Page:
To support various recommendations-based projects over the coming years as the team grows, we knew we needed to revamp this system. One of the biggest pain points was in development as schema updates like adding a new piece of data about a user (e.g. a user’s preferred gender tags) required hundreds to thousands of lines of boilerplate code and deployment required careful coordination to ensure all parts of the system were deployed in the right order. Simply trying to add a new way to filter the user set or to add a new way to rank results required half a day of an engineer's time to manually deploy to every shard in production and remain apprised of issues that might come up; rollbacks weren’t much faster. More importantly, it was becoming difficult to operate and scale the system since shards and replicas were manually allocated and distributed across a fleet of bare metal machines. Early in 2019 as load on the match system increased, we needed to increase search capacity so we added another replica set by manually placing service instances across multiple machines -- a multi-week effort between the backend and operations teams. At this time we also started to notice performance bottlenecks in the inhouse built service discovery system, message queue, etc. While these components had previously served the company well, we were reaching a point in load at which we were uncertain whether any one of these subsystems themselves could scale. We have goals to move more of our workload into a cloud environment and shifting the matching system, itself a laborious task, would also require bringing along all of these other subsystem components.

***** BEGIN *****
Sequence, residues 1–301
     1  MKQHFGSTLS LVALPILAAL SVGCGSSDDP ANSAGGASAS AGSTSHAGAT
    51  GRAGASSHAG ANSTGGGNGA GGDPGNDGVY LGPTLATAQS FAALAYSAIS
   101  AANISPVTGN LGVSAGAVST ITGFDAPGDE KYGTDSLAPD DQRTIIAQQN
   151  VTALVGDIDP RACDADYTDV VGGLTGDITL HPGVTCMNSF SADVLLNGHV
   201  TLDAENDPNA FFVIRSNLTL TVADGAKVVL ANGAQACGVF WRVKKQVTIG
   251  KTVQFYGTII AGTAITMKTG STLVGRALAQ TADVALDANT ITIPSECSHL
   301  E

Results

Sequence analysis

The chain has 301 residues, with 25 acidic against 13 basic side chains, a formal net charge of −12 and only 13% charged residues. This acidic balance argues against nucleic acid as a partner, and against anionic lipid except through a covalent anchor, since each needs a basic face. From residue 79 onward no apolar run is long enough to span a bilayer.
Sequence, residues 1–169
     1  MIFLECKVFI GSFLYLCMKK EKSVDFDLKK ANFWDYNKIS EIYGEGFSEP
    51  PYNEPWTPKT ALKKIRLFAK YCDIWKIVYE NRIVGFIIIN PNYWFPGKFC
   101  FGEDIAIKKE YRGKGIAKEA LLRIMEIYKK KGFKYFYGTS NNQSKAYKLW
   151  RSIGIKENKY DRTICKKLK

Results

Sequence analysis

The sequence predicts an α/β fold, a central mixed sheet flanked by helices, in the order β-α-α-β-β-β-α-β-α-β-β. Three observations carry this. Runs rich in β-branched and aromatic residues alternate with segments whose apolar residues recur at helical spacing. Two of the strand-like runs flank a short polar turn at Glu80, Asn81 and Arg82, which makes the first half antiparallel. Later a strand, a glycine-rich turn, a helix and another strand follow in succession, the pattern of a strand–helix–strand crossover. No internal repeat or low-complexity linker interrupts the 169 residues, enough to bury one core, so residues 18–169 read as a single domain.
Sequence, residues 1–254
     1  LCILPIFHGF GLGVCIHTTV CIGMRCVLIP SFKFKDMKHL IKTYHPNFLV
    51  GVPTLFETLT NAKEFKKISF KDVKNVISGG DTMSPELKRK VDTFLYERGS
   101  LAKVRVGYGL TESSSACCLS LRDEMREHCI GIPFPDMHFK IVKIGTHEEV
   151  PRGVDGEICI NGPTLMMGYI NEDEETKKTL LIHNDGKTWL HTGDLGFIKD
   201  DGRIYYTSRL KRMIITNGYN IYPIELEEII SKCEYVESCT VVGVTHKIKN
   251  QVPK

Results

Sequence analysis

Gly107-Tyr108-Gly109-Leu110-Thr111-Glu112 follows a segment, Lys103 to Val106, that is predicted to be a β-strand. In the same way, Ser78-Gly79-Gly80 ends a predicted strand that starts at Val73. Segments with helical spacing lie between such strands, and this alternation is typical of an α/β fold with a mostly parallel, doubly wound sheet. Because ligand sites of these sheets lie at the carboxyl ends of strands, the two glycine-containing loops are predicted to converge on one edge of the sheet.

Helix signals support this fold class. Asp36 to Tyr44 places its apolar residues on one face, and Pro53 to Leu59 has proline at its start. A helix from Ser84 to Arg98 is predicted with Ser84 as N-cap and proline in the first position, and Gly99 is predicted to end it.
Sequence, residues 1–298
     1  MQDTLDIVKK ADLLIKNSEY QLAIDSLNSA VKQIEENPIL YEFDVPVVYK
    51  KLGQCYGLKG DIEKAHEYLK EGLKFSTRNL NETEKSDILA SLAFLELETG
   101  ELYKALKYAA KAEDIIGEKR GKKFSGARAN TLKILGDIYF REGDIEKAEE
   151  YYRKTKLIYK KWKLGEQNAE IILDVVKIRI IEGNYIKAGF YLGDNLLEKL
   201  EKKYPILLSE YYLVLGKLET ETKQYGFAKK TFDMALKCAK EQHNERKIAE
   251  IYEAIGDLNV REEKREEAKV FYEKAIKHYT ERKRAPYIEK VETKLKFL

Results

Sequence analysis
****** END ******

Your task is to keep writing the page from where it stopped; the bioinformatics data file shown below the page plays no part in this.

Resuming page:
Today at OkCupid many of these subsystems are served by more robust OSS cloud-friendly options and the team has over the last two years adopted various different technologies to great success. We won’t talk about those efforts in this blog post but instead focus on the efforts we’ve taken to address the issues above en-masse by moving to a more developer-friendly and scalable search engine for our recommendations: Vespa.

It’s a match! Why OkCupid matched with Vespa

Historically OkCupid has been a small team and we knew early on that tackling the core of a search engine would be extremely difficult and complicated so we looked at open source options that we could support our use cases with. The two big contenders were Elasticsearch and Vespa.

Elasticsearch

This is a popular option with a large community, documentation, and support. There are numerous features and it’s even used by Tinder. In terms of development experience, one can add new schema fields with PUT mappings, queries can be done through structured REST calls, there is some support for query-time ranking, the ability to write custom plugins, etc. When it comes to scaling and maintenance, one only needs to determine the number of shards and the system handles distribution of replicas for you. Scaling requires rebuilding another index with higher shard counts.

One of the biggest reasons why we opted out of Elasticsearch was the lack of true in-memory partial updates. This is very important for our use case because the documents we would be indexing, our users, would need to be updated very frequently through liking/passing, messaging, etc. These documents are highly dynamic in nature, compared to content like ads or images which are mostly static objects with attributes that change infrequently, so the inefficient read-write cycles on updates were a major performance concern for us.

Vespa